Let Property Campaign

14 June 2016

The let property campaign is an opportunity for landlords to come forward and declare any past undeclared rental profit voluntarily.

This campaign was initiated in autumn 2013 and since then HMRC have increased the intensity of their enquiry into landlords who have failed to disclose their rental profits.

HMRC are now looking at the land registry and lettings agents have been asked to provide HMRC with details of their landlords. HMRC are also monitoring individual’s bank accounts and profiles on social media to get as much information as they can. This means that landlords cannot stay off the radar forever.

You will need to fill out a notification form (DO1) to let HMRC know that you with to take advantage of the let property campaign. Once acknowledged by HMRC you will have three months to disclose the income that you had previously not told HMRC about using disclosure form (DO2) and to Pay the Tax due, however if you can’t afford to pay the total amount in one lump sum you could ask to spread your payments. It is likely that you may not have to pay any penalties or if you do these will be lower than they would have been if HMRC had found out themselves that you hadn’t declared your rental profits.

It is advisable to seek independent professional advice to assist you in working out the total rental income for each year that has not previously been declared to HMRC, you also need to calculate all the allowable expenses to work out your total profit for each year.

If your records are incomplete you would have to make your best estimate of the undisclosed income and expenses, you will need to keep record of your estimated calculations as HMRC may ask you to explain how you have calculated the profit figures.

TT Intelligence can help you with taking advantage of the let property campaign and bring your tax affairs up to date with minimum possible penalties please contact us or call us on 0203 039 3993.

HMRC targets private landlords

01 February 2016

HMRC’s targets private landlords

In the summer 2015 budget the Chancellor announced plans of a triple attack on private landlords.

  • 3% increase in SDLT better known as stamp duty on buy to lets or second homes.
  • Finance cost restriction
  • Capital gains tax (CGT) to be payable in 30 days.

Firstly, from April 2016 there will be an additional 3% charge above the current rates of SDLT on buy-to-let properties and second homes, broadly if you already own one residential property additional residential property purchases will be subject to the additional charge.

This change affects both private and corporate landlords and there are many traps that could inadvertently trigger the charge. One such trap is that spouses and civil partners are deemed to be acquiring property jointly even if they are not, meaning if your spouse owns a residential property and you do not, then your acquisition of 100% interest in your first residential property will be subject to the additional charge.

Secondly, from April 2017 HMRC are introducing the finance cost restrictions which is targeting higher rate tax relief for residential landlords mortgage interest and interest on loans. This is a fundamental change to the principle of turnover – expenses = profits as the finance costs which are major expenses of most landlords will not deductible, instead a reduction to their tax bill of 20% of the finance costs will be granted if certain conditions are met.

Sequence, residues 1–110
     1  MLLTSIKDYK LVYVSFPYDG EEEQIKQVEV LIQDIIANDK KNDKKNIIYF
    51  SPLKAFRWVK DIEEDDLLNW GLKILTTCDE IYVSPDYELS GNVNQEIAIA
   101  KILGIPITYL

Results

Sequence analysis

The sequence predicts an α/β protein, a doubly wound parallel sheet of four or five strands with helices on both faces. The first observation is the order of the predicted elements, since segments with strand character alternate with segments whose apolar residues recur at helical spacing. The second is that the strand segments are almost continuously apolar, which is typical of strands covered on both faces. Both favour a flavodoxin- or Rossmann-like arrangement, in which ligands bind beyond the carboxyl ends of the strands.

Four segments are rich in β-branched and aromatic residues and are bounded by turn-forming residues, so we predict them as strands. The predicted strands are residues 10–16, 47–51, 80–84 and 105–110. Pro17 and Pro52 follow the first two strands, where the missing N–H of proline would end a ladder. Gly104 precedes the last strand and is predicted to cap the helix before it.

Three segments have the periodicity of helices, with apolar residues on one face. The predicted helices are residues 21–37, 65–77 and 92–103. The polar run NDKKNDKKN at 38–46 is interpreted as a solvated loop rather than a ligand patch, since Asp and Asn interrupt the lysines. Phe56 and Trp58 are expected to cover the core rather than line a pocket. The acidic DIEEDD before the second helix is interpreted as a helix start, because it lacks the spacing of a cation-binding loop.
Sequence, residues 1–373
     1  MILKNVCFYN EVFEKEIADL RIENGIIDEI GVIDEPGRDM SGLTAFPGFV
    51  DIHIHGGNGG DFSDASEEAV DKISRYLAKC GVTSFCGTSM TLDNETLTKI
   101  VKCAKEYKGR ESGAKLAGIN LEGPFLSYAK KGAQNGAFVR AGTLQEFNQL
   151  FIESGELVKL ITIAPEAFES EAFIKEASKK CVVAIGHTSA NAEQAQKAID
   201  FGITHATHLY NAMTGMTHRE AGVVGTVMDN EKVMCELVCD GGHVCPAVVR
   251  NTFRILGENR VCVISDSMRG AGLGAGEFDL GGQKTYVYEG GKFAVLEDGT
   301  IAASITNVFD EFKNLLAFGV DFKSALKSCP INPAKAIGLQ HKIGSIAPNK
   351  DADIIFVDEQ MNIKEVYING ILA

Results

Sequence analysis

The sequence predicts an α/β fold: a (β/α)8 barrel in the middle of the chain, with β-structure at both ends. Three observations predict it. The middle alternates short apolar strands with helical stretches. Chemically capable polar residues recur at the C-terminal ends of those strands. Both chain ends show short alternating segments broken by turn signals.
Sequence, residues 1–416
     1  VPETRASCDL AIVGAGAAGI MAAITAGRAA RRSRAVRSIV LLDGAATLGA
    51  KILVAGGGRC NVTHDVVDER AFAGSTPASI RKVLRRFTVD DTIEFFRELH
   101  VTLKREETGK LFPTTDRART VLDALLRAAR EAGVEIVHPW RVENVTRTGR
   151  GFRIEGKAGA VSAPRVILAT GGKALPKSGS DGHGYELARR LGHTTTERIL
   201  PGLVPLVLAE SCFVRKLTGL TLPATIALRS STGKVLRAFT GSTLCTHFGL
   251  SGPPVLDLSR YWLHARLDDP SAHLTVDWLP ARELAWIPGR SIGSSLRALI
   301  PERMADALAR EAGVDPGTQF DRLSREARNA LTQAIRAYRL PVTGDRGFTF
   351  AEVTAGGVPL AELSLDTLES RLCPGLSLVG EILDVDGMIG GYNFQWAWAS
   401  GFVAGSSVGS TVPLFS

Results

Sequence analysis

Landlords therefore are taxed before the deduction of their finance expenses which could have a devastating effect on the investments of the individuals who have invested in the UK’s housing market.

The restrictions are to come into effect from April 2017 and it will be phased in over four years. Although HMRC may argue that this doesn’t affect the individuals in the basic tax bracket when we look at the way it’s calculated we can see it actually does as it can potentially push an individual’s income over the basic tax rate threshold.

Examples of how the finance cost restrictions effects individual landlords are as follows:

If we assume the mortgage facts below;


This example is based on 2016/17 Tax Table with the current personal allowance and basic tax rate threshold.


The third change that was announced was the reduction in the time individuals have to pay the capital gains tax due.

Currently individuals have until the normal self-assessment deadline to report and pay any tax due, currently 31 January after the end of the relevant tax year. However under the new proposals the individuals will have only 30 days from the actual disposal date to pay the capital gains tax due.

Not only individual landlords will have to pay CGT within 30 days they were also dropped out of the reduction in CGT which was announced by the chancellor in his 2016 budget for other capital assets.

Other capital assets will suffer a reduced rate of 10% down from 18% on the basic tax rate band and 20% down from 28% on higher rate tax band.

If you require more information as to how these changes may affect you please contact us or call us on 0203 039 3993.

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